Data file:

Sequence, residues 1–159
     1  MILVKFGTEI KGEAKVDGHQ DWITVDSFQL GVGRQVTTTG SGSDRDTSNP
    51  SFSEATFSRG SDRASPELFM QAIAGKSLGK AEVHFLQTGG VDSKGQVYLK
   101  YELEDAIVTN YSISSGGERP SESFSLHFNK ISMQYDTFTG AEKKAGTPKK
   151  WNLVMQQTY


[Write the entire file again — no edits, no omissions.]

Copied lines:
Sequence, residues 1–159
     1  MILVKFGTEI KGEAKVDGHQ DWITVDSFQL GVGRQVTTTG SGSDRDTSNP
    51  SFSEATFSRG SDRASPELFM QAIAGKSLGK AEVHFLQTGG VDSKGQVYLK
   101  YELEDAIVTN YSISSGGERP SESFSLHFNK ISMQYDTFTG AEKKAGTPKK
   151  WNLVMQQTY